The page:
Monday, November 19, 2012

Chamber of Commerce Study: New Stadium Will Require Real Tax Committment

Addressing a long-ignored aspect of the Rays' Stadium Saga I first started complaining about in 2010, two local chambers of commerce released their joint report on how a new stadium could be financed...and what sacrifices the community may have to make.

The long-awaited report from the Greater Tampa and St. Petersburg-Area chambers indicated Hillsborough County may have more bonding capacity available for a stadium than previously believed.  However, Pinellas County's revenue streams have fewer political strings attached.

The "Baseball Stadium Financing Caucus" focused only on stadium financing.  It avoided talking about sticky issues like locations and the legal issues surrounding the team's current contract with St. Petersburg.

While the Tampa chamber is supporting the Rays' and Hillsborough County's push for a regional stadium conversation, the St. Pete chamber is supporting Mayor Bill Foster's effort to keep the Rays in Pinellas County.

If a new stadium were built in Tampa/Hillsborough County, the caucus concluded the best ways to reach the near-$400 million that may be needed would be mechanisms, including: (estimated 33-year impact in parenthesis)
  • Using tax-increment financing (TIF) associated with Tampa's Downtown Community Redevelopment Area (CRA).  Increased property tax collections downtown, which must be used for capital projects, would be directed to pay down stadium debt. ($105-$115 million)
  • Re-direct a portion of the Community Investment Tax (CIT) from local road & infrastructure improvements to a new stadium.  The local sales tax, of which a portion funds Raymond James Stadium, expires in 2026 and would have to be extended. ($70-$80 million)
  • A new 5% surcharge on auto rentals, which would hit tourists more than local residents.  ($140-$150 million)
  • A new 6th-cent added to the tourist/bed tax.  Hillsborough County isn't considered a "high-tourist" county, so state law prohibits it from charging tourists 6% tax on hotel stays.  However, the chamber indicated legislators could be convinced to change the law. ($35-$45 million)
If a new stadium were built in St. Pete/Pinellas County, the caucus concluded the best ways to reach the near-$400 million that may be needed would be mechanisms, including: (estimated 33-year impact in parenthesis)
  • Existing revenue streams already paying for Tropicana Field.  Most Trop bonds will be paid off by 2015, so leaders can either stop collecting the taxes, re-direct the collections to other city & county needs, or re-direct them to a new stadium. ($115-$148 million)
  • Re-direct a portion of the "Penny for Pinellas" local improvement tax to a new stadium. The tax sunsets after 2020, so its bonding capacity would be modest at best without another extension. ($35-$40 million)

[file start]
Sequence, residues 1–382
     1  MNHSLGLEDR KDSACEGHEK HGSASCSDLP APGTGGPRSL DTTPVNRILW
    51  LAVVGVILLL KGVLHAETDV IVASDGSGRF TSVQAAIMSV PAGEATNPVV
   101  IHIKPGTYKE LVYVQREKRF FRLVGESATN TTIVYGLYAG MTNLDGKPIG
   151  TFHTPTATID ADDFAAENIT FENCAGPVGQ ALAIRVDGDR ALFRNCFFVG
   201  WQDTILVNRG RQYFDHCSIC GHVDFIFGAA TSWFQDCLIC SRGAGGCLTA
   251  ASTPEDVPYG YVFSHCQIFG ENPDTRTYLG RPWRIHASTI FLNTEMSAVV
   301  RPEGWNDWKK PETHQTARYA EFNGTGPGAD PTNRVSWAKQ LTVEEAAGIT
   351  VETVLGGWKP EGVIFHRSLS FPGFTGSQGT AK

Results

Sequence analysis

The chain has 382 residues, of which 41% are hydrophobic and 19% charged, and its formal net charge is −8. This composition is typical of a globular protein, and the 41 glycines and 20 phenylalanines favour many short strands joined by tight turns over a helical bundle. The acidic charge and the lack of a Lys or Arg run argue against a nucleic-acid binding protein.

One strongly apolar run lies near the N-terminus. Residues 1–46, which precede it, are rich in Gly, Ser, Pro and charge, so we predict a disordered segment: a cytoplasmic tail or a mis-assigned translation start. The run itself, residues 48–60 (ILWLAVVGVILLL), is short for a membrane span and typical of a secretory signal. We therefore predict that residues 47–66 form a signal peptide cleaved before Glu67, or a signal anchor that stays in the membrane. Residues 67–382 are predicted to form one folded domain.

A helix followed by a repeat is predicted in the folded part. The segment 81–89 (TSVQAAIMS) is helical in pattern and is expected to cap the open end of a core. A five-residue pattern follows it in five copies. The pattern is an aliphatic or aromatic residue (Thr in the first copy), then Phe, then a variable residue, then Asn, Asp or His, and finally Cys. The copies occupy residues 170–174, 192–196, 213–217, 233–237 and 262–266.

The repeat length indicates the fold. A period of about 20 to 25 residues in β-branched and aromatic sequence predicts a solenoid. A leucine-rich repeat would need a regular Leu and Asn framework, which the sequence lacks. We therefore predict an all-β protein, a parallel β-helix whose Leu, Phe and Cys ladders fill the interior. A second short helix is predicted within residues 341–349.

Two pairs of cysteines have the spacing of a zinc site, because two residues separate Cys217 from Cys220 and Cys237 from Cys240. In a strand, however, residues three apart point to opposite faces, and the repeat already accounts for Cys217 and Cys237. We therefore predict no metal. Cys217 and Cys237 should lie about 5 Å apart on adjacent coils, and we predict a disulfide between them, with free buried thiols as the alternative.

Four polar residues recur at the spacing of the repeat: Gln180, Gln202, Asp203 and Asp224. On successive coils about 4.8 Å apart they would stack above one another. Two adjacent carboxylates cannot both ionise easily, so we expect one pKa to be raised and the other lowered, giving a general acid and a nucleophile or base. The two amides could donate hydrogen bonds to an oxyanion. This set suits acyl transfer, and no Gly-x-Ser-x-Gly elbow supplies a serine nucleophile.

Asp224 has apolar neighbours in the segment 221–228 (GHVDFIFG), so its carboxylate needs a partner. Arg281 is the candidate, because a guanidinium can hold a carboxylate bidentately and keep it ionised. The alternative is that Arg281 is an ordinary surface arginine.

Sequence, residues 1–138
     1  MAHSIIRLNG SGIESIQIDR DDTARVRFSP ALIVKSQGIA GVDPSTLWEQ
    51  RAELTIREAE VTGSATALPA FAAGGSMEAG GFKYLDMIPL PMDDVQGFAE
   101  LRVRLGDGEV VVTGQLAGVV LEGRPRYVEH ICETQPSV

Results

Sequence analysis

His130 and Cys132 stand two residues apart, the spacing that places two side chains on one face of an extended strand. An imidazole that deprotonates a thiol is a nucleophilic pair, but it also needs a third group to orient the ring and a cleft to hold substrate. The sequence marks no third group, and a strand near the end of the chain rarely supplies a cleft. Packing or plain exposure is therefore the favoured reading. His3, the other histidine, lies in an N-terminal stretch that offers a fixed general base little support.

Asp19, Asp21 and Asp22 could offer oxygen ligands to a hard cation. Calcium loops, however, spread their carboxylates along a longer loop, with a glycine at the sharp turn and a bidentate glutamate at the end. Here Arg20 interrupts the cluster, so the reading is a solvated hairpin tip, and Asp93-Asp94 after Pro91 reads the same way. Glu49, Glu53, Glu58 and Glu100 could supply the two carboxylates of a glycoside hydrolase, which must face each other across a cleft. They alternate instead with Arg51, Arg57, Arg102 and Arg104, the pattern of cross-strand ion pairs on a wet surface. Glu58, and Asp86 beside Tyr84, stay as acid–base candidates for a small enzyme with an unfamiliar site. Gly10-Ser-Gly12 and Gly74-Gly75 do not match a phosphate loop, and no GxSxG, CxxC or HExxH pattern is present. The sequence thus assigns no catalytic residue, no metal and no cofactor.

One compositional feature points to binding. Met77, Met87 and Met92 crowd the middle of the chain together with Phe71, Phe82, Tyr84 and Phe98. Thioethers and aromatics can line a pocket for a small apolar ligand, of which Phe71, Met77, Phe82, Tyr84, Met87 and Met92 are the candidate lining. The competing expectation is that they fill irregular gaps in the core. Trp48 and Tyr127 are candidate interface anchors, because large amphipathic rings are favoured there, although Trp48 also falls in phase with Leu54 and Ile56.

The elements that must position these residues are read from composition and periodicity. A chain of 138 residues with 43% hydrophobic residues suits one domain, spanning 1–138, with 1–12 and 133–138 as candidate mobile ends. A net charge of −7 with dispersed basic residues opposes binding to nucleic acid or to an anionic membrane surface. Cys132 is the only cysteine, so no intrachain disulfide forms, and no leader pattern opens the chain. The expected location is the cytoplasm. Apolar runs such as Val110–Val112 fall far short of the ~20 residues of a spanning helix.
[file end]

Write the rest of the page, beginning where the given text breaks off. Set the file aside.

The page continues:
• A new 6th-cent added to the tourist/bed tax.  Pinellas County, like Hillsborough, isn't considered a "high-tourist" county, so lawmakers would have to change state statutes for Pinellas to increase the tax on hotel stays from 5% to 6%. ($50-$60 million)
  • Re-directing a large portion of St. Petersburg's share of state sales tax toward a new stadium.  The city currently receives $12.2 million/year from the state, and much of it could be leveraged into new stadium bonds. ($165-$175 million)
While the timing of the announcement could have been be better - a recent firesale of talent by the Miami Marlins has cast public subsidies of stadiums in a negative light - the group is hoping its ideas can break the stadium stalemate the Rays and the region have been locked in for the last few years.

"We applaud the joint effort of the Tampa and St. Petersburg Chambers in identifying potential funding sources for our next ballpark," said Rays President Matthew Silverman in a statement released Monday afternoon.  "Regional cooperation like this is sorely needed as we all move forward and work together to secure the future of Major League Baseball in Tampa Bay."

Tampa Mayor Bob Buckhorn called it a "great first step," and said he was happy the caucus didn't delve into the location debate.

The caucus also did not mention anything about creating a regional stadium authority with taxing power - a concept previously mentioned as one way to get multiple Tampa Bay counties to share in a stadium burden.

GRAY AREASThe Tampa chamber's Chuck Sykes, delivering the joint presentation, acknowledged ticket prices would likely jump at a new stadium, as would prices on stadium parking, concessions, and souvenirs to help pay the team's estimated $150 million contribution.  There was no indication of whether a new ballpark would draw more fans than increased prices would keep away.

Sykes also stipulated, "you have to be a winning team" to get a big attendance bounce with a new stadium.  The comment may have been referencing the Marlins, who drew just 27,400 fans per game this year, the lowest mark for a new ballpark in decades.  While the Rays have posted five straight winning records, no on-field performance is guaranteed.

The presentation, which included no new sales taxes, was aimed at a "best-case scenario" in many instances.  The caucus assumed a price tag of $500 million for the stadium, even though Sykes admitted it could cost a lot more: a parking garage could cost $150 million and some experts have estimated restitution to St. Petersburg for breaking the current contract could cost $100 milllion.

A number of the proposed funding mechanisms are also dependent on lawmakers re-writing state statutes - a scenario Buckhorn was skeptical about, given the conservative anti-tax feelings in Tallahassee.